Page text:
But, even more encouraging is how many land trusts are also facing the reality that as locally-based conservation organizations, they need to help their communities understand and embrace compatible renewables. Without a rapid transition away from fossil fuels, the lands and waters we love—and are working so hard to conserve—will face unprecedented peril.
And so too will our communities.
Addressing the impacts of climate change on marginalized communities, community partners, and a diversity of landowners, is critical. The good news is that land trusts already have the tools to do this—it simply requires merging their commitment to inclusive conservation and strategic partnerships with a responsibility to mitigate climate change, and be part of the solution.
I look forward to continuing to share articles that feature this integrated way of thinking; an approach that recognizes the urgency of climate change solutions to match the accelerating climate challenges ahead.
Reflections from Judy, January 2021
As you may have noticed, I “hit pause” on the climate eNewsletter, as I thought we all had enough on our plates given the holidays and transition to the new year.
I’ve also spent some time thinking about where we can find joy and resilience to move forward, to inspire others, and find our own inner peace.
I’ve been wondering about how to find shared values around kindness, compassion, and empathy—and how we can value those as much as we do the conservation of land and water; how they are linked and intertwined with conservation, yet overlooked and undervalued.
Vladimir Mayakovsky, a Russian poet and playwright, once said, “Our planet is poorly equipped for delight. One much snatch gladness from the days that are.”
He is, of course, right—at least part of the time. But what if we saw ourselves less as “snatchers,” and instead as givers of “delight”—creators of community and place, where there is no need to “snatch,” because there is no shortage of hope, joy, and delight?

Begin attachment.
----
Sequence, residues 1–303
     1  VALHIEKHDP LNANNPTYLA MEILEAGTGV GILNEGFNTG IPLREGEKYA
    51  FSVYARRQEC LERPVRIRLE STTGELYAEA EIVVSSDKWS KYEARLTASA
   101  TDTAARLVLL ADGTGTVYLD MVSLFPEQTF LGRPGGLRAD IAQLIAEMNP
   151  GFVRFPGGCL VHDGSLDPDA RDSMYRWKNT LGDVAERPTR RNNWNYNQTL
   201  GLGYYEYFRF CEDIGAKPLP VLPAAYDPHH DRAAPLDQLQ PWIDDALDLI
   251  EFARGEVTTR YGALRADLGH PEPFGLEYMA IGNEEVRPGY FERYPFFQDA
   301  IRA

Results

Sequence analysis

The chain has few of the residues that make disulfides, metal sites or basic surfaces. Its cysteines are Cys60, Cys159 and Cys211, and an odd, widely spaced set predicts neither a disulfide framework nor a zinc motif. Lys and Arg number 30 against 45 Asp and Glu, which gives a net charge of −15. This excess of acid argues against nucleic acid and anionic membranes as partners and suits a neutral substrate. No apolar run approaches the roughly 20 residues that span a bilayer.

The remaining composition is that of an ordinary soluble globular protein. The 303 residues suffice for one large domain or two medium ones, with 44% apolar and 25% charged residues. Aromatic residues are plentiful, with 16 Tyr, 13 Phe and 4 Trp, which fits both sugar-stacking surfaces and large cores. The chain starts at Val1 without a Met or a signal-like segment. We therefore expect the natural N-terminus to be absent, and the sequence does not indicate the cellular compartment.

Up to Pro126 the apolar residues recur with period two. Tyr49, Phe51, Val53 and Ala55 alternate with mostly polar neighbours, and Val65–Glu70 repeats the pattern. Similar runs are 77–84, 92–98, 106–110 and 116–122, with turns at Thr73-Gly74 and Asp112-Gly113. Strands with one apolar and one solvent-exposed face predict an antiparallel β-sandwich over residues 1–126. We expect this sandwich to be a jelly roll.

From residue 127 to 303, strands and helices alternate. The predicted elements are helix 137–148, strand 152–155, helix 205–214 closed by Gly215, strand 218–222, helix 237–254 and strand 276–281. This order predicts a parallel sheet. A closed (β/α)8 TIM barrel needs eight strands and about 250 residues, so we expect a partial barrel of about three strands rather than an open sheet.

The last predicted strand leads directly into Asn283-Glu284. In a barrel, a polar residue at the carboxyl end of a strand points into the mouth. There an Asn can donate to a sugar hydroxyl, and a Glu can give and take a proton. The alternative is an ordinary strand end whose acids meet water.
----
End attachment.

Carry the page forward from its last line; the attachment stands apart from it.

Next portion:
What if we saw ourselves as solution-makers, happiness-creators, empowerment-facilitators, and fearless carriers of the truth?
What if the truth was seen as something to embrace rather than fight, because, in part, we met people where they are and listened deeply to their needs, dreams, and concerns?
I think that’s what the future of conservation looks like. We are in the business of hope.
Our hope is truth-based, solution-based, responsive, inclusive, and creative. You can feel it, smell it, and embrace it. It’s real.
The articles below echo that sentiment. I look forward to sharing the challenges and solutions around climate change, conservation, and community with you in the year ahead. It’s going to take all of us, and together we are going to have to weather the chaos and fear that comes along with it.
Reflections from Judy, December 2020
As we head towards the New Year there’s some good news about climate change.
Okay—so maybe not a lot, but let’s take what we can get. I have purposely provided a mix of articles that aren’t all dreary because we need to find some hope, especially this time of year.
Increasingly people are realizing that we need creative, timely, and integrated solutions to the climate crisis. Natural climate solutions are part of that—and are getting more attention all the time.
So, too, is the realization that we must decarbonize our energy system as soon as possible—and help farmers, communities, and community organizations make that shift. Not only will it be cost-effective, but it will play a critical role in the health and vitality of our families and communities in the coming 20-30 years.
As noted in this recent article, “a growing body of economics research documents the tremendous cost savings associated with implementing climate solutions. But it’s critical to recognize that many climate impacts simply cannot be quantified in economic terms: It’s impossible, for instance, to place a dollar value on human suffering as a result of homes lost to floods or fires, or climate-caused famine, or the value lost in species extinctions and declining biodiversity.”
Thinking outside the box, helping others to see how climate change is here, now—and how we have the solutions to address it, now—is critical to encouraging action. We need to keep working together to move climate change from being seen as a political issue to being understood as a moral, ethical, and quality of life issue.